Buying Pets from an Animal Refuge
Buying and adopting a pet cat or dog from a refuge or shelter is a great way to make sure abandoned animals find a good home. We cover everything you need to know about taking this exciting step and making a commitment you’ll value forever.
Why are animals at shelters?
Most cats and dogs are given up and placed in a refuge or shelter by many people who unfortunately buy pets and refuse to continue to take the time and effort in caring for them. Other animals are sadly found abandoned along the side of the road. It’s important to remember they haven’t been given up because they make “bad pets” or have problems.
What are the benefits of buying a pet from a shelter?
- Less vet fees – All animal refuge pets have had health checks, updated vaccinations, have been desexed, temperament tested and treated for fleas. So all you need to consider about medically for the meantime is choosing a suitable pet insurance policy for the best care for your pet. Your future vet bills for things like hospitalisation and specialist care may be included as rebates in your pet cover.
- Relatively house trained - Most dogs were already pets to other families so they come equipped with some basic manners. An older cat won’t mind being alone and will be able to care for itself more. Many other adult pets are available at the shelter and have milder personalities than restless puppies or kittens so they’re less likely to be of a nuisance and will be more patient with owners and children.
- Improve the quality of your life – The human animal interaction and strong bond it can form can lead to positive psychological and physiological factors. Cats and dogs act as a companion or helper. They can also help children with basic qualities of compassion, caring, selflessness and friendship. Dog walking can also encourage owners to exercise more, improving their health and fitness, while also reducing obesity and stress levels.
Should I buy and adopt a pet?
Buying and adopting a pet cat or dog is just like buying one at a regular pet store. Owning a pet is a big responsibility and you need to be very committed in taking good care of it.
Some factors to consider before you decide to buy a pet include your work routine, how much time you’re at home and when you’re out, members of your family or household, and if you’re prepared to pay pet expenses into the foreseeable future and beyond. You should only decide to buy if you’re certain you can include a pet into your home and lifestyle.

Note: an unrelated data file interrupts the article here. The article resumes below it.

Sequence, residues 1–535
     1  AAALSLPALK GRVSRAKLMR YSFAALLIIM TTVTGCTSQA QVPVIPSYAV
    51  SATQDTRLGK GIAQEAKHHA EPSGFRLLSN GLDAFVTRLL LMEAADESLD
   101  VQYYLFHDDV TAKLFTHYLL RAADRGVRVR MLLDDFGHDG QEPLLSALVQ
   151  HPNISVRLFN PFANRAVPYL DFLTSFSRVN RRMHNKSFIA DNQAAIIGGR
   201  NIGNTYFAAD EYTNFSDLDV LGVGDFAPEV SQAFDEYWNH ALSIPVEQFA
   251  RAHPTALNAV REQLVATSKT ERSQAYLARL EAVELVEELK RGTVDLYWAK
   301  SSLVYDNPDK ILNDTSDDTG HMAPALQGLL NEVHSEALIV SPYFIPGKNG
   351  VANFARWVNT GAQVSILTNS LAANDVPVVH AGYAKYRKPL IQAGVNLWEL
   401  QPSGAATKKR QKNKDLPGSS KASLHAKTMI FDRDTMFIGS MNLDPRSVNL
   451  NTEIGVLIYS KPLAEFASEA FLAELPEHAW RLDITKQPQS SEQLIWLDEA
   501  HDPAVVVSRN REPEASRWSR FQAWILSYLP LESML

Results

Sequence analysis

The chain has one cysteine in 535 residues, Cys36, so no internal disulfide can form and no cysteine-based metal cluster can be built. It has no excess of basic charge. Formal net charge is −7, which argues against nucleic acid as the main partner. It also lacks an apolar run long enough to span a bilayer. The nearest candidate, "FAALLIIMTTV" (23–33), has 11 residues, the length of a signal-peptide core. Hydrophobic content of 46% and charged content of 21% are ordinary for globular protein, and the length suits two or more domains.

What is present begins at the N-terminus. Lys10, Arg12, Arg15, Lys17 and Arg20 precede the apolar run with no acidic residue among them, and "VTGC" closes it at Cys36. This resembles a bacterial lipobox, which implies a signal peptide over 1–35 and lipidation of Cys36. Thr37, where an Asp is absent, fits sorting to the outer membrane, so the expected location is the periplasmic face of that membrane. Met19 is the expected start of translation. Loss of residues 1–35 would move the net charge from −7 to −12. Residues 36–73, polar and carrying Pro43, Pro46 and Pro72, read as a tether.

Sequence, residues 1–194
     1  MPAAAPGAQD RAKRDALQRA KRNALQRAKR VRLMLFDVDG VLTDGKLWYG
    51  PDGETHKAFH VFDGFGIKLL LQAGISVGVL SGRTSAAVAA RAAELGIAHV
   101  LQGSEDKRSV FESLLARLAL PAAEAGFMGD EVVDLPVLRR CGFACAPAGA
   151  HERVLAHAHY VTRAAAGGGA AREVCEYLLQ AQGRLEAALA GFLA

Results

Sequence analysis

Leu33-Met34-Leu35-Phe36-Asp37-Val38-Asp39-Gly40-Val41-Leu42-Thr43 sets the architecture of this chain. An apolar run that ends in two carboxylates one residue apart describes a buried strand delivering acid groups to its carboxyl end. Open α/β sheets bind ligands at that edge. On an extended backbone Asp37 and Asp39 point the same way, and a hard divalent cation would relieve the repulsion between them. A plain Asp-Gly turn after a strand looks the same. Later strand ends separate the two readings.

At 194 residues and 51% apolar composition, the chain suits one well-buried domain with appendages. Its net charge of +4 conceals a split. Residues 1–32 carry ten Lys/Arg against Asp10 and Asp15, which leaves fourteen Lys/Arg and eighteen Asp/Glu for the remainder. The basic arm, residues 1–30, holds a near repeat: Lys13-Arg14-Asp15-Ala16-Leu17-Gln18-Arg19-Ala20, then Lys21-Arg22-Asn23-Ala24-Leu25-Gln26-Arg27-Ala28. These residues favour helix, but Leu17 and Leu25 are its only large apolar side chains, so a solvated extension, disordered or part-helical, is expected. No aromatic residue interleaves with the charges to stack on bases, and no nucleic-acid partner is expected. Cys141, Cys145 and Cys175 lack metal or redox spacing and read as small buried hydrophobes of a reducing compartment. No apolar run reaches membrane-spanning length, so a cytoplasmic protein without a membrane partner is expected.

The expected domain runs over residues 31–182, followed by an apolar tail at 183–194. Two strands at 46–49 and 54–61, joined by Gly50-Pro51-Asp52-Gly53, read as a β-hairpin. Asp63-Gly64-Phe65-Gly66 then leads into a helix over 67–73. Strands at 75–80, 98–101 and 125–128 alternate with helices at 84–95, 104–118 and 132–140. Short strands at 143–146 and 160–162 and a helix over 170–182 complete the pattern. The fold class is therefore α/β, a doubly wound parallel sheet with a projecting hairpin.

Which animal refuge or shelter should I go to buy my pet?
You’ll want to go to a good animal refuge that will consider you and your requirements, as well as the pets. Look for a good place that will take the time to discuss your questions and concerns, and also offer an adoption contract that includes the option of returning the pet to them in case the adoption does not work out.
The shelter should also have an in-depth screening process so they can assess if you are a suitable pet owner and match you with the right pet. This allows you to also screen them and ask questions.
All shelters should promote good animal welfare. Only buy from a pet from a shelter that has desexed animals. You must never buy from one that is willing to sell you a breeding age pet that has not been desexed.
Choosing the right cat or dog
The animal shelter will discuss the most suitable pet for you and your lifestyle in your screening process and when you ask questions. You can ask about any breeds you’re interested in. You will then get to meet each recommended animal under the guidance of an expert staff member where you can take the time to choose a pet.
It’s a good idea to bring your family and any pets you already have with you to the shelter so you can see how everyone interacts with a potential new pet.
After you’ve chosen your pet; the staff will help you through the adoption process, give you any pet care advice, and let you take your new pet home. They should also let you know that you can feel free to contact them again if you have any questions after buying the pet.